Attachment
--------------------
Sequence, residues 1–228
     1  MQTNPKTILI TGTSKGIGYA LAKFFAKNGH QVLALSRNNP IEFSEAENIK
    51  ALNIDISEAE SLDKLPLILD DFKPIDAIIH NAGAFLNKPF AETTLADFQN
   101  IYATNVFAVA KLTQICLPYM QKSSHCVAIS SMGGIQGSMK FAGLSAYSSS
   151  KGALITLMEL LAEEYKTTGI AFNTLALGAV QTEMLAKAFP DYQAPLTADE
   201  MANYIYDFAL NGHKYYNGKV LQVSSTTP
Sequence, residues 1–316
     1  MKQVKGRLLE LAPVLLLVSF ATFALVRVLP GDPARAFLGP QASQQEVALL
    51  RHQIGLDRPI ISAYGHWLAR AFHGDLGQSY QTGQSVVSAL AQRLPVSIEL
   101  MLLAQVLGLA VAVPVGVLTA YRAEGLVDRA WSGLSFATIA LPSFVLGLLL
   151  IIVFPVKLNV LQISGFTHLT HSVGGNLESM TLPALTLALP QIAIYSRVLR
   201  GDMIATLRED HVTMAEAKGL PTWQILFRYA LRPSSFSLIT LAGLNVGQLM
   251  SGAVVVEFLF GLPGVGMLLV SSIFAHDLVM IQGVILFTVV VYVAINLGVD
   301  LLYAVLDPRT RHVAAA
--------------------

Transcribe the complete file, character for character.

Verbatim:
Sequence, residues 1–228
     1  MQTNPKTILI TGTSKGIGYA LAKFFAKNGH QVLALSRNNP IEFSEAENIK
    51  ALNIDISEAE SLDKLPLILD DFKPIDAIIH NAGAFLNKPF AETTLADFQN
   101  IYATNVFAVA KLTQICLPYM QKSSHCVAIS SMGGIQGSMK FAGLSAYSSS
   151  KGALITLMEL LAEEYKTTGI AFNTLALGAV QTEMLAKAFP DYQAPLTADE
   201  MANYIYDFAL NGHKYYNGKV LQVSSTTP
Sequence, residues 1–316
     1  MKQVKGRLLE LAPVLLLVSF ATFALVRVLP GDPARAFLGP QASQQEVALL
    51  RHQIGLDRPI ISAYGHWLAR AFHGDLGQSY QTGQSVVSAL AQRLPVSIEL
   101  MLLAQVLGLA VAVPVGVLTA YRAEGLVDRA WSGLSFATIA LPSFVLGLLL
   151  IIVFPVKLNV LQISGFTHLT HSVGGNLESM TLPALTLALP QIAIYSRVLR
   201  GDMIATLRED HVTMAEAKGL PTWQILFRYA LRPSSFSLIT LAGLNVGQLM
   251  SGAVVVEFLF GLPGVGMLLV SSIFAHDLVM IQGVILFTVV VYVAINLGVD
   301  LLYAVLDPRT RHVAAA